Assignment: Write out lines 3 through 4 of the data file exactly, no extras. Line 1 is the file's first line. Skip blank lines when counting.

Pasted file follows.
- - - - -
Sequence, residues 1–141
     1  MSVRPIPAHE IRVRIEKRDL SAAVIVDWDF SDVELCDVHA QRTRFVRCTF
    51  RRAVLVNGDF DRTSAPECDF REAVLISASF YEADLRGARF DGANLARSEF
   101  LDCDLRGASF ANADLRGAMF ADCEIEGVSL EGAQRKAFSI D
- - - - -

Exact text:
    51  RRAVLVNGDF DRTSAPECDF REAVLISASF YEADLRGARF DGANLARSEF
   101  LDCDLRGASF ANADLRGAMF ADCEIEGVSL EGAQRKAFSI D